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What Are We Thankful For?

Rev. Kristi Denham
Congregational Church of Belmont
November 20, 2016

Meister Ekhardt, one of my favorite mystics, who lived in the 13th century, is quoted as saying, “If you have only one prayer. Let it be Thank You!” There is a poignancy to that suggestion! Didn’t he know that terrible things happen? He wasn’t living in our time! He didn’t have the internet telling him every negative reality that is happening around our planet!

But our scripture lesson today seems to be saying the same thing:
“Rejoice in the Lord always; again I will say, Rejoice! Let your gentleness be known to everyone. The Lord is near. Do not worry about anything, but in everything by prayer and supplication with thanksgiving let your requests be made known to God. And the peace of God, which surpasses all understanding, will guard your hearts and your minds in Christ Jesus.”
Paul didn’t live in our times! He didn’t have the evening news flashing pictures of suffering around the world into his living room. (He didn’t have a living room!) He didn’t have the Southern Poverty Law Center informing him that there had been over 400 reported hate crimes in the last week! He didn’t know that most such crimes go unreported.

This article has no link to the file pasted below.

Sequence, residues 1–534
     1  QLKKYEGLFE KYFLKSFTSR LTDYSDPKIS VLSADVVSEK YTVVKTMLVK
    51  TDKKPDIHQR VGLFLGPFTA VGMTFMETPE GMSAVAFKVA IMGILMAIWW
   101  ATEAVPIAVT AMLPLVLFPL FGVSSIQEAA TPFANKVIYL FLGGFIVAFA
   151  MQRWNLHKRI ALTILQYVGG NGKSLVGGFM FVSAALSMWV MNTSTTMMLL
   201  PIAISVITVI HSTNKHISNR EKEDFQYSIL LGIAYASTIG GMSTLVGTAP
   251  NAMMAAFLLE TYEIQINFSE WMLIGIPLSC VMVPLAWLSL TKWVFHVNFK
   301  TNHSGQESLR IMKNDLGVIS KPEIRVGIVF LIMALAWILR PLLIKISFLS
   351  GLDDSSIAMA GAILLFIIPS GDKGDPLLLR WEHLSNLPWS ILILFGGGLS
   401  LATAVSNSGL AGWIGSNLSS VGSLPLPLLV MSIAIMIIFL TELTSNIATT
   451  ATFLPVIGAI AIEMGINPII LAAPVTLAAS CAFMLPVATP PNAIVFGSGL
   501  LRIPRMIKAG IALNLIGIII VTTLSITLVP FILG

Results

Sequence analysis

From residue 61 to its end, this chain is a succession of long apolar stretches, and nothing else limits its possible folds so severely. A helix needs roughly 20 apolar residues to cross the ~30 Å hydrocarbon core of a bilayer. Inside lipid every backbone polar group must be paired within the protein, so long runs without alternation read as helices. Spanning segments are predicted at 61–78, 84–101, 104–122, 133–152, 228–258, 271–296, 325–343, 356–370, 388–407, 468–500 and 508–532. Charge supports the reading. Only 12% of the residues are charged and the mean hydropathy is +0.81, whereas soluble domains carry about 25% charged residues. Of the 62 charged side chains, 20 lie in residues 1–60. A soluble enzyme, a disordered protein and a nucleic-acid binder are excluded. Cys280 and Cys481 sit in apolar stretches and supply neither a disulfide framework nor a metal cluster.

But Paul’s times and Jesus’ times and Meister Ekhardt’s times were actually much more violent and terrible than our own. The Roman Empire was no picnic for anyone who didn’t stick with the program of worshiping Caesar. Last week I mentioned the terrible image of crosses lining the roads between towns and on hillsides so common that Jesus’ followers knew exactly what he meant when he said “Pick up your cross and follow me!” Poverty then did not mean not having a nice house, it meant starvation, dying before your time, and most did.

The Middle Ages, when Meister Ekhardt lived, was the focus of my studies when I did my masters in English Literature. Feudal times were dark indeed for all but the very few princes and priests. Women were suspect and ended up on stakes by the thousands, if not millions throughout Western Europe. Neither Paul, nor Ekhardt, nor Jesus were Pollyannas. “Blessed are the poor, the hungry, those who grieve,” was not meant to be taken as superficial comfort. Each of these visionaries spoke to the power of our minds and hearts and our responsibility to guard and guide them well. Each of them challenges us to be Thankful. And today we gather to remember that!

So what are we thankful for today?